As the actual event of German unification unfolds on the world's TV screens, many observers view the spectacle as a precursor not only of renewed German might, but of enlarged clout for the European region as a whole.

Only a couple years ago, the continent suffered from what some called ''Eurosclerosis.'' Now, ''Europhoria'' has overtaken the 12 present members of the European Community. They exude confidence that ''the decade of Europe'' is underway.

But as ''Europe 1992'' with its single, unified market of 320 million comes close to reality, it is clear that much more is at stake than mere abandonment of internal tariffs. Already feeling the pain of Japanese superiority in some industrial high-tech applications, the new worry in Washington is that America may drop to No. 3 behind Europe.

A main impetus for the entire Europe 1992 adventure was the realization by leaders such as European Community President Jacques Delors that Japan had seized a lead in high-tech manufacturing and cut into European markets. European leaders perceived the need to do something dramatic to improve their own high-tech potential.

As seen from Brussels, the United States never evolved a high-tech policy to match Japan's. And the Brussels policy makers concede that there isn't any one European nation -- not even Germany -- likely to keep pace with Japan. But linked together, one European told me, ''we'll do our damnedest. We probably will never catch Japan, but we may do better than the United States is doing.''

At a Brookings Institution seminar, Georgetown University Professor Gary Hufbauer raised the specter of the single market spawning ''a new generation of European industrial and banking giants'' that will have a distinct advantage in financing high-tech research and development.

''European firms will now join Japanese firms in pushing U.S.-based firms down in the rankings of industrial and financial giants,'' Hufbauer said at the seminar, jointly sponsored by the Council on Competitiveness.

He suggested the need to consider further relaxation of the Sherman Anti-Trust Act and the Glass-Steagall Act (on banking) ''so that top {American} firms can combine and better compete in world markets.'' Europe is more casual about such things. Douglas E. Rosenthal of Coudert Brothers made the point that the EC authorities are promoting mergers and ''don't pay enough attention to cartels.''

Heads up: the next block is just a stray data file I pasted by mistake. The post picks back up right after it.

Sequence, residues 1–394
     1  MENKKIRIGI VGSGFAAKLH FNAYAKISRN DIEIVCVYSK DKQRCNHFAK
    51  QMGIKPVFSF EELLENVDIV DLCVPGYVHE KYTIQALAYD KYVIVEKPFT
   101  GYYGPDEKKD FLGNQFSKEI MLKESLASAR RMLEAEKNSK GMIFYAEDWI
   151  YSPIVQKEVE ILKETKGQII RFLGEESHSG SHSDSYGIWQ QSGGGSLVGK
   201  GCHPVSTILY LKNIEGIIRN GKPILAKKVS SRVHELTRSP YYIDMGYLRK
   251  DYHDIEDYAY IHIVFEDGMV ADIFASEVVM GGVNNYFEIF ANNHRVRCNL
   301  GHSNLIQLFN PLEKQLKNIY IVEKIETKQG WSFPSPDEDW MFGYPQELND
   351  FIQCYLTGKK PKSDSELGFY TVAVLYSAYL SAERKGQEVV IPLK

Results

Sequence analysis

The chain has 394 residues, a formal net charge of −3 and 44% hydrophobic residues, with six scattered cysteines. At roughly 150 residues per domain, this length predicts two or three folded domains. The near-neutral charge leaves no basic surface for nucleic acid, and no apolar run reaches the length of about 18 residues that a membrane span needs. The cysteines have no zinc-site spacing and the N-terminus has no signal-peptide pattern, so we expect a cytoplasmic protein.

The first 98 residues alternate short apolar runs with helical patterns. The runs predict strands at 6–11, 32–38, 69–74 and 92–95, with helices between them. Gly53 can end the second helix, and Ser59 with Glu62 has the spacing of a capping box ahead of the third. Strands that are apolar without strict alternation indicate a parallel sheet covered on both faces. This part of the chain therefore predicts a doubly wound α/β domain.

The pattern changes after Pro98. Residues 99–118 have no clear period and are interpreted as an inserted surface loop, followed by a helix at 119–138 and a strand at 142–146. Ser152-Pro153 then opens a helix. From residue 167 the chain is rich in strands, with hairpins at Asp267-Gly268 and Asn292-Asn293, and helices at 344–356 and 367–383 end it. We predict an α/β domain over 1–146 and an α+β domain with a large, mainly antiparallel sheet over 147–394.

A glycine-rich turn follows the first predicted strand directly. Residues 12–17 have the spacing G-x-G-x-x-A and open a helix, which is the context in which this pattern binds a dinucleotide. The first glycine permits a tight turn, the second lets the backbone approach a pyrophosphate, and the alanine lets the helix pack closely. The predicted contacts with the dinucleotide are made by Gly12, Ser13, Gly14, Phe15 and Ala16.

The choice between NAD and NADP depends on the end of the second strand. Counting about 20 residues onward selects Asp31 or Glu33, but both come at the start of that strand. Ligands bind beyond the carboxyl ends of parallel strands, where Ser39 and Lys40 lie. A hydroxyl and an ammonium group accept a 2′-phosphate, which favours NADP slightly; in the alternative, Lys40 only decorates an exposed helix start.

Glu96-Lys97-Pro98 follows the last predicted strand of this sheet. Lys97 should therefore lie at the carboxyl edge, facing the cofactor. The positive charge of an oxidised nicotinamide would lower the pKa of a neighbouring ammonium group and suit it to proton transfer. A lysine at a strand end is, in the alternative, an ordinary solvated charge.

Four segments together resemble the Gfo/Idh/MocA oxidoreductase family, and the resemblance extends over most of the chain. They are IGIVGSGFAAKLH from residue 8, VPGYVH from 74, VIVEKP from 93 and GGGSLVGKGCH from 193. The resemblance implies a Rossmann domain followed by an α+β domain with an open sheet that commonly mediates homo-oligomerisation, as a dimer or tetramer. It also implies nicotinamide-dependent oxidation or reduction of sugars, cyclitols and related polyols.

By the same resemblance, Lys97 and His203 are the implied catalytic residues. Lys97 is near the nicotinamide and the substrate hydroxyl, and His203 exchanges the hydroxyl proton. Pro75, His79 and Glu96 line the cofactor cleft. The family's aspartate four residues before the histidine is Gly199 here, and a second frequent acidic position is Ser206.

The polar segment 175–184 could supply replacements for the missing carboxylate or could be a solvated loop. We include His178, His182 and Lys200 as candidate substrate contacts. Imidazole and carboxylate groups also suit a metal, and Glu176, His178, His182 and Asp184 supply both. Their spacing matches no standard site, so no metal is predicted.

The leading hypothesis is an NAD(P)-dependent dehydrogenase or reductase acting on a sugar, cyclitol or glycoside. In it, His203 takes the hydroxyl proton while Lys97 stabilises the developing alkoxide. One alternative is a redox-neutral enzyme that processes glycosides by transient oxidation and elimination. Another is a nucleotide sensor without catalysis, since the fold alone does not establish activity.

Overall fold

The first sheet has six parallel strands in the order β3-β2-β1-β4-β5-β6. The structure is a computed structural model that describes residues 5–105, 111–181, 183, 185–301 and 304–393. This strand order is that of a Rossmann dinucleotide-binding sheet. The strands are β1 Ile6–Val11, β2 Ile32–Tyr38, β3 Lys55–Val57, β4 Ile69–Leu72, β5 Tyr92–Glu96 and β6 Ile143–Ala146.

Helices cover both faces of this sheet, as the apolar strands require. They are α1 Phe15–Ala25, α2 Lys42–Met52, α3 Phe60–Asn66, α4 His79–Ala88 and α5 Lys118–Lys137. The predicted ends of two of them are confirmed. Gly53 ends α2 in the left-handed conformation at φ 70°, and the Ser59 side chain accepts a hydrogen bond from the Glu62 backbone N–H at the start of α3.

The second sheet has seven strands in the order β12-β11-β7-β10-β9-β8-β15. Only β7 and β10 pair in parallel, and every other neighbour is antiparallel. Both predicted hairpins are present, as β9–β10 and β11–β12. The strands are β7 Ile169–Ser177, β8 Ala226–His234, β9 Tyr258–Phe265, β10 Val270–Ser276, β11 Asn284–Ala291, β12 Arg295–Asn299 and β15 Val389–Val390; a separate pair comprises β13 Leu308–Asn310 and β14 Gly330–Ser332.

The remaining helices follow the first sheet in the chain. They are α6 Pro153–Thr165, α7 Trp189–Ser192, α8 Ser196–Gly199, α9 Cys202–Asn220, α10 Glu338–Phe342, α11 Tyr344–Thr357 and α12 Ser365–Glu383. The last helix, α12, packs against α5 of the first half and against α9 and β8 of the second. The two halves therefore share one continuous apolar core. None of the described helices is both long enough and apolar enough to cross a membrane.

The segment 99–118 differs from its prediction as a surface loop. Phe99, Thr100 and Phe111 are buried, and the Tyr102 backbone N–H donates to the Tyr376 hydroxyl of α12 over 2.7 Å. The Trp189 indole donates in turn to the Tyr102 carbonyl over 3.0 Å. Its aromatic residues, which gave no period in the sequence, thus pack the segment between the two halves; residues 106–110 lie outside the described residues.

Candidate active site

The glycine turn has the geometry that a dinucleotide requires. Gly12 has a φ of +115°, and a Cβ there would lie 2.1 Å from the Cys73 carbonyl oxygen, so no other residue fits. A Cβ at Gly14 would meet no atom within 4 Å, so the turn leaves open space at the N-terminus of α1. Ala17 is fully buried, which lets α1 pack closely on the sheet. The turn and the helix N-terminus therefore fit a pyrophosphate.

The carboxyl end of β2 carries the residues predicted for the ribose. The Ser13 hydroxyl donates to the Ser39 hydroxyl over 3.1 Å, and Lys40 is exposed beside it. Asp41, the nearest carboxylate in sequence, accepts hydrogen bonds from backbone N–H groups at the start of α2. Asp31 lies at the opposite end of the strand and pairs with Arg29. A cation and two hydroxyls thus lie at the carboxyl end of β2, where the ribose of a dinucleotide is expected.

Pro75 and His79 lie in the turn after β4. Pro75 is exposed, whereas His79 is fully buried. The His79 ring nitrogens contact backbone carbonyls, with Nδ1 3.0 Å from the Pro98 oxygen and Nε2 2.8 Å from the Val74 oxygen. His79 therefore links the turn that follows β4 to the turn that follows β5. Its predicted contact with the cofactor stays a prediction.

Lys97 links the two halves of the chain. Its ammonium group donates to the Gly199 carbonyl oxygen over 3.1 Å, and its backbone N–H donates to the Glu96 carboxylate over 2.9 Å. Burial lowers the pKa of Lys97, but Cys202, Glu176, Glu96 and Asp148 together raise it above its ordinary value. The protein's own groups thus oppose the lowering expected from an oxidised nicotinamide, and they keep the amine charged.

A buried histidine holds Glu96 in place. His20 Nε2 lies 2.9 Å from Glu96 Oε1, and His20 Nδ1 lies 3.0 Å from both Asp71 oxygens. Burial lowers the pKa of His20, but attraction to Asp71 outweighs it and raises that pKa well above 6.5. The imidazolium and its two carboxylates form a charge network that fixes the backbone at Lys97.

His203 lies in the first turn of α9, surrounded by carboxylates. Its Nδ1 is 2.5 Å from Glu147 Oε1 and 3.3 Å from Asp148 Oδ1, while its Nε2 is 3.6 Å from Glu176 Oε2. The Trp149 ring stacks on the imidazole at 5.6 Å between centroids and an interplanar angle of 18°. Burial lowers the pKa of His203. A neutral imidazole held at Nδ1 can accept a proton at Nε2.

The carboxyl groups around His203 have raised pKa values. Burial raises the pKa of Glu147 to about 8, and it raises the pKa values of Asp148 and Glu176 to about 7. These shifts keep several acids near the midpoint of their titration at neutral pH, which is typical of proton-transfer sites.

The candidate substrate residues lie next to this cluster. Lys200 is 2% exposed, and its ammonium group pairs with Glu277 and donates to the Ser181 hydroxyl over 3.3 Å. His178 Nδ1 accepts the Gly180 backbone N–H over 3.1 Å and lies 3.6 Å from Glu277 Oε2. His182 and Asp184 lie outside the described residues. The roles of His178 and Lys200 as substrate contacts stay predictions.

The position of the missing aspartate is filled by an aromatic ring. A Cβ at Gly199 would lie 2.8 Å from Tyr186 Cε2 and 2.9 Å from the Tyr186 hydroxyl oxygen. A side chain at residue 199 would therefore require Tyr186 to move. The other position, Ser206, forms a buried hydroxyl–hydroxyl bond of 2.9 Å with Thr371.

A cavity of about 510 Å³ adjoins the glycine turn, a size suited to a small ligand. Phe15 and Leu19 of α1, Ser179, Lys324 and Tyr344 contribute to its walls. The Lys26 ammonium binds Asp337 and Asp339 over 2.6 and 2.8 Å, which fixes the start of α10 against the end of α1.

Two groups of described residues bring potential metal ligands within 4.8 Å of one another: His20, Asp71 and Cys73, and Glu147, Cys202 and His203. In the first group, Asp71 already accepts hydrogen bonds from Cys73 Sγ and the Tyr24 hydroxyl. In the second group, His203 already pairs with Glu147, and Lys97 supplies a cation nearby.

Because Europe actively seeks additional foreign investment by high-tech companies, Hufbauer predicted that U.S. high-tech exports to Europe will gradually fall off as the EC builds capacity on its own soil. Because that would represent a transfer of American jobs to Europe, the trend contains the seeds of increased tension between the United States and the EC. Relations already are at somewhat of a raw edge because of disputes in other trade areas, including agricultural export subsidies and telecommunications.

On all these sore points, Deputy United States Trade Representative Julius L. Katz took an optimistic view. He told the meeting that while ''we have a lot of bilateral problems with Europe,'' the question of Europe 1992's discrimination against the outside world would probably be outweighed by ''the trade creation effect'' of the enlarged market.

Nonetheless, while Europe 1992 opens up exciting new vistas within Europe, more question marks than answers have been raised for the rest of the world. If Europe makes substantial gains in high-tech, Hufbauer thinks that Brussels, rather than Washington, could become ''the custodian of the international economic system.''

Hufbauer's fellow panelists agreed that Europe is destined to have new clout, but were less sure that Europe would emerge as the next dominant economic power and guardian of the system. Sylvia Ostry, a former top Canadian government economic adviser, observed: ''There is very little interest in Europe in systemic issues. They are very much preoccupied with reshaping Europe in the 21st century.''

But she's in accord with Hufbauer that America is in for stiff high-tech battles with Europe, because Brussels makes clear to American companies that if they want the benefits of the single market, they should create or expand an actual presence there. She sees this as the beginning of an era of competition for ''good'' investment -- especially in high-tech.

Meanwhile, earlier fears that Europe 1992 might become ''Fortress Europe,'' erecting new barriers against outsiders, have been only partially assuaged. For example, Europe's powerful auto moguls appear determined never to allow a totally free market for cars.

Strict limits will remain on imports from Japanese auto ''transplants'' located in Ohio and Tennessee to Europe. Under international trade regulations, these are American cars. But don't look for Ford and General Motors, well-established within Europe, to complain that it's unfair.